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    HomeNews & ArticlesThe Potential for an Uber Big Nightmare
    General Interest


    The Potential for an Uber Big Nightmare

    August 24, 2016  |  By:  Oatley Vigmond

    In 2009, two Californians developed an app that allows users to submit a trip request through their smartphone. With one tap a nice looking mid-size or full-size 4 door vehicle will pick the app user up and deliver him or her to their chosen destination in a cashless transaction. The app user can see how others who have travelled in his or her vehicle rank their driver. The driver can also see how other drivers who have picked him or her up have ranked the app user.

    Having travelled in an Uber vehicle I confess that it is a much more enjoyable experience than using a taxi cab. My driver arrived on time in a vehicle that exceeded my expectations. I arrived at my destination on time without feeling as if I had travelled some circuitous route. I paid for my ride without the awkwardness of having to pull out my wallet or ask for change after leaving a tip. I never once thought about all that could have gone wrong until I heard the plight of Tawfiqul Alam.

    Mr. Alam was an Uber driver who had the misfortune of being in an accident in the vehicle he used to transport his Uber passengers. When Mr. Alam reported his damages to his insurer he was refused coverage because he had not reported using his car as a commercial vehicle. Mr. Alam’s insurer based their refusal on a standard policy term that disentitles any person to coverage if they use their personal vehicle as a taxicab, bus, sightseeing conveyance, or to any person carrying a paying customer or on their way to pick up a paying customer.

    Uber does not require its drivers to carry a commercial insurance policy. It instead claims to maintain a “contingent” $5 million policy that will respond to claims made by passengers, pedestrians and other drivers. This contingent policy makes no mention of coverage for Uber drivers like Mr. Alam. Uber’s policy in the United States, where the company was founded, is that this contingent policy will cover drivers during a trip requested by an Uber user. Uber expects that the drivers’ personal insurance will fill any gap that its policy leaves open.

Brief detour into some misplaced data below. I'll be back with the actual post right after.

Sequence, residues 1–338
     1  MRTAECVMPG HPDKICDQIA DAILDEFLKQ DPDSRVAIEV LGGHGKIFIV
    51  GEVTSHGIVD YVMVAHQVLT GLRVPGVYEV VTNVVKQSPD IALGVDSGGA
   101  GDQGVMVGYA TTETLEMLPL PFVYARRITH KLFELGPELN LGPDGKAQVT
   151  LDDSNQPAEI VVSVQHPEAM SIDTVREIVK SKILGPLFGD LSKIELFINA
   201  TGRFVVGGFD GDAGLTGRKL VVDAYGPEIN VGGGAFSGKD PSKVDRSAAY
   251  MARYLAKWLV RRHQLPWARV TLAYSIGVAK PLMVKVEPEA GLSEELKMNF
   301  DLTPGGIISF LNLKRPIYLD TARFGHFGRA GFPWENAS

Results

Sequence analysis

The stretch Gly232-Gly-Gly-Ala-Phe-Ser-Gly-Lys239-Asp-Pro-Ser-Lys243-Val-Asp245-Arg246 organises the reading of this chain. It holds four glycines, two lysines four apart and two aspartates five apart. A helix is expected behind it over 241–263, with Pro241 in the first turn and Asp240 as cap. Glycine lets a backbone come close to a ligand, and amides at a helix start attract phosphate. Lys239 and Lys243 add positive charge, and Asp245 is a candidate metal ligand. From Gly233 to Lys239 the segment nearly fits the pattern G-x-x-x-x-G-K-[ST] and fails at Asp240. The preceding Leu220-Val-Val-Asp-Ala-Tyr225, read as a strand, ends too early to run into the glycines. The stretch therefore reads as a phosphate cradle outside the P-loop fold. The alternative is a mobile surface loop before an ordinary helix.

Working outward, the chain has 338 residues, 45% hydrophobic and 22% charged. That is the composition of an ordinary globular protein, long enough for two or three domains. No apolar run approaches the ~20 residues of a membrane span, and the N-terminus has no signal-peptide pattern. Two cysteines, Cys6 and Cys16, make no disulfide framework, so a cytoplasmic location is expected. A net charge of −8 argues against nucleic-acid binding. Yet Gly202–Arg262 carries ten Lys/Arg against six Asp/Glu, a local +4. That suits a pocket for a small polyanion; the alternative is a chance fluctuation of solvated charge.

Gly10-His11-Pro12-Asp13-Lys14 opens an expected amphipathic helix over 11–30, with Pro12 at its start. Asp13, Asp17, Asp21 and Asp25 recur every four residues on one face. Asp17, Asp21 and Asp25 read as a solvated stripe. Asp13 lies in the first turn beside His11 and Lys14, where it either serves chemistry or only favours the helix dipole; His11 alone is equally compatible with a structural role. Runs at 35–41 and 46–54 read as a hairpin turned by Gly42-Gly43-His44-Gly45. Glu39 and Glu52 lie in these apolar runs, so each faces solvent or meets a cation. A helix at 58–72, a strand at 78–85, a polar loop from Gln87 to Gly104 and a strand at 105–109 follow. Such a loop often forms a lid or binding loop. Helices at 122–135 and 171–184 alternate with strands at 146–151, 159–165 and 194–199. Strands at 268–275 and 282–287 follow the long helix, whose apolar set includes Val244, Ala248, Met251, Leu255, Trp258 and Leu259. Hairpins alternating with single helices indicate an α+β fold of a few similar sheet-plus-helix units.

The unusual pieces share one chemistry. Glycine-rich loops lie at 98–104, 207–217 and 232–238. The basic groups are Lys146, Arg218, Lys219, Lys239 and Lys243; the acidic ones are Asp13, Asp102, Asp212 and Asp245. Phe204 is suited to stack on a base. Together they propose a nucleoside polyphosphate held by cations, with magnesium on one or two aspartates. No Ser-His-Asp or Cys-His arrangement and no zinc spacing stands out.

Uber’s policy leaves its Ontario based drivers, like Mr. Alam, exposed. An Ontario based Uber driver operating with only the minimum Uber requirement of personal insurance risks having his or her policy declared void for a material misrepresentation. Personal insurance is not meant to be used for commercial purposes.

    Uber riders are also vulnerable. Uber is not regulated in the same manner as the taxicabs we are more traditionally used to calling. Any licensed and personally insured driver over 21 years of age can apply to be an Uber driver. Uber claims to perform background checks but it has been found to use drivers with criminal pasts. Uber tells drivers that they may use vehicles up to 15 years old as long as they appear to be in excellent condition but there is no maintenance regime in place to verify the vehicle is safe. The Uber vehicle may look nicer than the traditional taxi cab but there is no guarantee that the driver or vehicle is safe to transport you or your loved ones to your chosen destination.

    For these reasons, I am less likely to use the Uber app than I was before. If I were to use Uber again I would make sure I ask if a commercial insurance policy is covering the vehicle that I am about to climb into. I will not use the Uber app again unless I know that the driver’s insurance policy will cover my damages in the event of an accident.

    [editor’s note: A new Toronto bylaw was put into place on July 15th, but Uber is not yet legally required to adhere to these new insurance restrictions. Click here to learn more.]


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    Oatley Vigmond

    Personal injury law is all we do. Our skilled team of personal injury lawyers and accident benefits specialists are committed to securing the best possible outcome for those with catastrophic...

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